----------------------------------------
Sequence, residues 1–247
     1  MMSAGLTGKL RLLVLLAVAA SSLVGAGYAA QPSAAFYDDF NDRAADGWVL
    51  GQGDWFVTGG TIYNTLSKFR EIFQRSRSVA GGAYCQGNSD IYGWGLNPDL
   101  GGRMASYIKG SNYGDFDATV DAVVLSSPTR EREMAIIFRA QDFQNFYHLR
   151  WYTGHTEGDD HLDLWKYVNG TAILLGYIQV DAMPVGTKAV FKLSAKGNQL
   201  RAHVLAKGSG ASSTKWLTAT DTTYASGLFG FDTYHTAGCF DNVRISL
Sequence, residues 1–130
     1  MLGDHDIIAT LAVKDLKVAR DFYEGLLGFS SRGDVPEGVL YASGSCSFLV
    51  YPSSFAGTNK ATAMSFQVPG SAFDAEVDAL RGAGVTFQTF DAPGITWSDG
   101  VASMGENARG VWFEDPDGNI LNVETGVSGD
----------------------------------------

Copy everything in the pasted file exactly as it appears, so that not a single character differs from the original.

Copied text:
Sequence, residues 1–247
     1  MMSAGLTGKL RLLVLLAVAA SSLVGAGYAA QPSAAFYDDF NDRAADGWVL
    51  GQGDWFVTGG TIYNTLSKFR EIFQRSRSVA GGAYCQGNSD IYGWGLNPDL
   101  GGRMASYIKG SNYGDFDATV DAVVLSSPTR EREMAIIFRA QDFQNFYHLR
   151  WYTGHTEGDD HLDLWKYVNG TAILLGYIQV DAMPVGTKAV FKLSAKGNQL
   201  RAHVLAKGSG ASSTKWLTAT DTTYASGLFG FDTYHTAGCF DNVRISL
Sequence, residues 1–130
     1  MLGDHDIIAT LAVKDLKVAR DFYEGLLGFS SRGDVPEGVL YASGSCSFLV
    51  YPSSFAGTNK ATAMSFQVPG SAFDAEVDAL RGAGVTFQTF DAPGITWSDG
   101  VASMGENARG VWFEDPDGNI LNVETGVSGD